By publishing the source code, Swiss Post wants to build trust with the public and use feedback from knowledgeable professionals for the purposes of improvement. Source code disclosure is also a mandatory precondition of the Federal Chancellery when using advanced electronic voting systems.
Disclosure of new source code (from 2021)
Swiss Post believes that only a transparent and politically neutral e-voting solution can be successful in the long term. For this reason, starting in 2021, it will be publishing the source code, as well as various specifications of its future solution, with universal verifiability.
Swiss Post is looking to make it as easy as possible for independent experts to critically assess the system and, in turn, to suggest improvements. Compared with the release of the source code in 2019, the new features include:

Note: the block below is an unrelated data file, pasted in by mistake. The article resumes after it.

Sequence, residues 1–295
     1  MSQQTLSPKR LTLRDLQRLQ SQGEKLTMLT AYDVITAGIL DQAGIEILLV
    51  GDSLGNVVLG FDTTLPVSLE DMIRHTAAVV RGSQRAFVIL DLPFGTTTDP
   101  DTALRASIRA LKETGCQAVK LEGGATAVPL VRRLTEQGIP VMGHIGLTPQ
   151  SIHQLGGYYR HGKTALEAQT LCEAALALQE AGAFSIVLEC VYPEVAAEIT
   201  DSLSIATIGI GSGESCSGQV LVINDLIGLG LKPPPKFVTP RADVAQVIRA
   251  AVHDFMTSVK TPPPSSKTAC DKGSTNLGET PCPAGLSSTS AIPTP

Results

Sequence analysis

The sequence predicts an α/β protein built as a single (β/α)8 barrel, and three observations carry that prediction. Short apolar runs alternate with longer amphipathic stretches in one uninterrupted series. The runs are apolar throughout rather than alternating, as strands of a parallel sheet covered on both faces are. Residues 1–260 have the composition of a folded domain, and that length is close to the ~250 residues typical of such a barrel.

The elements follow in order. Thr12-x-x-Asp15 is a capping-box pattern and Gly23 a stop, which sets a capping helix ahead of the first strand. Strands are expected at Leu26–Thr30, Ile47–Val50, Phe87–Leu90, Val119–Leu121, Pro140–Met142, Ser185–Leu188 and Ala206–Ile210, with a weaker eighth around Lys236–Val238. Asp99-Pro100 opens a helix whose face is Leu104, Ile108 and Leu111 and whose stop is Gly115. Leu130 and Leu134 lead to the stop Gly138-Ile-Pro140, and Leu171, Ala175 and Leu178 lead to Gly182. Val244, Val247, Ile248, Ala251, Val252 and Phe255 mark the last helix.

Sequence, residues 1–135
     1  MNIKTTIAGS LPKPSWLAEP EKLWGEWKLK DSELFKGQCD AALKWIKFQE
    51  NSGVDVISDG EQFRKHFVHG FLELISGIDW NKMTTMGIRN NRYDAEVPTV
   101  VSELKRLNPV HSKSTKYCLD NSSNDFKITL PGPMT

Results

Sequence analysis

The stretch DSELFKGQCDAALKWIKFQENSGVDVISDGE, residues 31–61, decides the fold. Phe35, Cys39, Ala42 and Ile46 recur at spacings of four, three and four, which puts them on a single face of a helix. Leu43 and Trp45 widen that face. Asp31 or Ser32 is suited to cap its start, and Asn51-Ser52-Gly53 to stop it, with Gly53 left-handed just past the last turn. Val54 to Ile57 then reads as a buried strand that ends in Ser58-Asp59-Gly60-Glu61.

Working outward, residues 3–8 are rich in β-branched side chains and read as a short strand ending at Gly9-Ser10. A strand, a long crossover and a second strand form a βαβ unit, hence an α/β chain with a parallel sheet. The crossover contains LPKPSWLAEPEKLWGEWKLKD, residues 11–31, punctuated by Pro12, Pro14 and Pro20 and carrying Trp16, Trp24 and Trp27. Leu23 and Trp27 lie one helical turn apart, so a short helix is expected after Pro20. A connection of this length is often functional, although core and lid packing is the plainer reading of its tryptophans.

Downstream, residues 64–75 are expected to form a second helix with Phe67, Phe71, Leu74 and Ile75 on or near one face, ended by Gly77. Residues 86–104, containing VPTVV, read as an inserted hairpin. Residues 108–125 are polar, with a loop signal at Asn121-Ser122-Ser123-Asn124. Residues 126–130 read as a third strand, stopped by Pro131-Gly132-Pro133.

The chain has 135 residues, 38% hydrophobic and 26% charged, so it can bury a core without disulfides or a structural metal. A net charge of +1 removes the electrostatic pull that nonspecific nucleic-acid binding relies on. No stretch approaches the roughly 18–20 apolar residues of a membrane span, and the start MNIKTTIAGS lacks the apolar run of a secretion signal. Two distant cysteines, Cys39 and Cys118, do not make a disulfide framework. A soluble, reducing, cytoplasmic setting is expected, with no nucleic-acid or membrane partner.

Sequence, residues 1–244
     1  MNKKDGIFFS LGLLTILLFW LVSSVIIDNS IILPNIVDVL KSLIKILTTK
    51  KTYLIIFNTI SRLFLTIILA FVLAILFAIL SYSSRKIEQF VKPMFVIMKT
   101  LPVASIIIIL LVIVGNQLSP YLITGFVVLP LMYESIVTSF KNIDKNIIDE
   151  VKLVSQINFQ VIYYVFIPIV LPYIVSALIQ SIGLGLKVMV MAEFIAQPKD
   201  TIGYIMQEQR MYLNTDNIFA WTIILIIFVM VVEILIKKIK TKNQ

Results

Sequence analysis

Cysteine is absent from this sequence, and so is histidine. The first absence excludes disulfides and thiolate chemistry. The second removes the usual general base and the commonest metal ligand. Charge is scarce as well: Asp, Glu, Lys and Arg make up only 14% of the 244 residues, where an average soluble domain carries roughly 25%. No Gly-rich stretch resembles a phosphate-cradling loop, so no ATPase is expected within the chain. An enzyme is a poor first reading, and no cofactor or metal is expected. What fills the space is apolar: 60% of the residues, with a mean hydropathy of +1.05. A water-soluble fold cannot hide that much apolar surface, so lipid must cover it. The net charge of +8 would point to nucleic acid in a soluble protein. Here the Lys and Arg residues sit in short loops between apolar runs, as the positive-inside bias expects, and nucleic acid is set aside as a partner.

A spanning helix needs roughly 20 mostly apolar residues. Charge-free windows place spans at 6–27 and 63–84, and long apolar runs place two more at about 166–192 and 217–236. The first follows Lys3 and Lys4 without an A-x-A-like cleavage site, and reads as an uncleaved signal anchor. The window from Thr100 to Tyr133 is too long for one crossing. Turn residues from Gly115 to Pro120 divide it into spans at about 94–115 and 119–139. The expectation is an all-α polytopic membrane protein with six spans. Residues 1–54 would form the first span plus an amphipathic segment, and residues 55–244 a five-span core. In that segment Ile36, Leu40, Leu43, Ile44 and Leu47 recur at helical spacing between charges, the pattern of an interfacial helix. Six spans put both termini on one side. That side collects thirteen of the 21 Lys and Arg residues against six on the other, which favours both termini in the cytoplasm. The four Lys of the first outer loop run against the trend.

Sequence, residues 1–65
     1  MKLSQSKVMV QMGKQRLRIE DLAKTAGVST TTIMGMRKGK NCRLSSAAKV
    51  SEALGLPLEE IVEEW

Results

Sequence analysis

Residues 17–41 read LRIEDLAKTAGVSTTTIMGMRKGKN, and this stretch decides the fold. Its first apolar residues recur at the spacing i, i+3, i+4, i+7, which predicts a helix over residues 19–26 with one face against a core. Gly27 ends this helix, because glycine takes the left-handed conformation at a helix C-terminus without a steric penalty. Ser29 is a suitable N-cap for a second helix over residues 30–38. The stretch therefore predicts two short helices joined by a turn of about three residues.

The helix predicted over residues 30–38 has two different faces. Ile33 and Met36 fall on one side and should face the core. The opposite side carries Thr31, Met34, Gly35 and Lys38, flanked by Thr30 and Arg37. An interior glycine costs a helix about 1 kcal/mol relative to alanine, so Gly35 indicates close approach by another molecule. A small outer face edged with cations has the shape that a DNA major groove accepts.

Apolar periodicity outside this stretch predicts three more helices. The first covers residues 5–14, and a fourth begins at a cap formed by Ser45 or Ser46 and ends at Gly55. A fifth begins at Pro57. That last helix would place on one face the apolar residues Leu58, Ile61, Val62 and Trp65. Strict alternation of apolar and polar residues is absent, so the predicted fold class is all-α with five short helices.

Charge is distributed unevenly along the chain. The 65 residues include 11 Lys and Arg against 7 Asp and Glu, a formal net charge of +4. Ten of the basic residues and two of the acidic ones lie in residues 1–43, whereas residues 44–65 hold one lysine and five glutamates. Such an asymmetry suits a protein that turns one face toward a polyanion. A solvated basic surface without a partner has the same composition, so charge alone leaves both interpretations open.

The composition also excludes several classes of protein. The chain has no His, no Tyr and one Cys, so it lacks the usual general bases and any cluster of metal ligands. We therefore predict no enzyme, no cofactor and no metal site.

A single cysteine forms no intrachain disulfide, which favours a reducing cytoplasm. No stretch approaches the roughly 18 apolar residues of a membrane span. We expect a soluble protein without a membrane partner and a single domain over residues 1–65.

- definition and implementation of the new disclosure with the inclusion of cantons and experts
- publication of a compilable system
- improvement of documentation and auditability of the system
- opportunities to simulate contests
- simplified access to the code and a streamlining of the terms and conditions of use
Disclosure of old source code (2019)
In 2019, Swiss Post disclosed the source code of its old e-voting solution. This relates to the implementation of the cryptographic protocol for complete verifiability at application level. The specification of the cryptographic protocol and the architecture of the e-voting solution were published.
A Gitlab.com account and registration with Swiss Post are required to view the old source code. In addition, all users must first accept the conditions of use (PDF, 166 KB).